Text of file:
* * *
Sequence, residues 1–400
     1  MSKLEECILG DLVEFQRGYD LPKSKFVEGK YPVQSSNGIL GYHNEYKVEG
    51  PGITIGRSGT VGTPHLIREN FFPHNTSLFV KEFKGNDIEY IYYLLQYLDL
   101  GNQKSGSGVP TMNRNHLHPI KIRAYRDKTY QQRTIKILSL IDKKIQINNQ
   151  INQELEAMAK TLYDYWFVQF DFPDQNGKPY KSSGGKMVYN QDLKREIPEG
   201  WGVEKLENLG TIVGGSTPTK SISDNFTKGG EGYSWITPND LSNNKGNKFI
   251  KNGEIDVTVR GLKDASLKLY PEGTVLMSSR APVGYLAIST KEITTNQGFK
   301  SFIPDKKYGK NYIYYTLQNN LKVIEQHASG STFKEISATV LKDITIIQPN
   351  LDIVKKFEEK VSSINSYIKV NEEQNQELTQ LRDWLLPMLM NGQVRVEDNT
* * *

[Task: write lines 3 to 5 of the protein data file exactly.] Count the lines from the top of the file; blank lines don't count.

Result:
    51  PGITIGRSGT VGTPHLIREN FFPHNTSLFV KEFKGNDIEY IYYLLQYLDL
   101  GNQKSGSGVP TMNRNHLHPI KIRAYRDKTY QQRTIKILSL IDKKIQINNQ
   151  INQELEAMAK TLYDYWFVQF DFPDQNGKPY KSSGGKMVYN QDLKREIPEG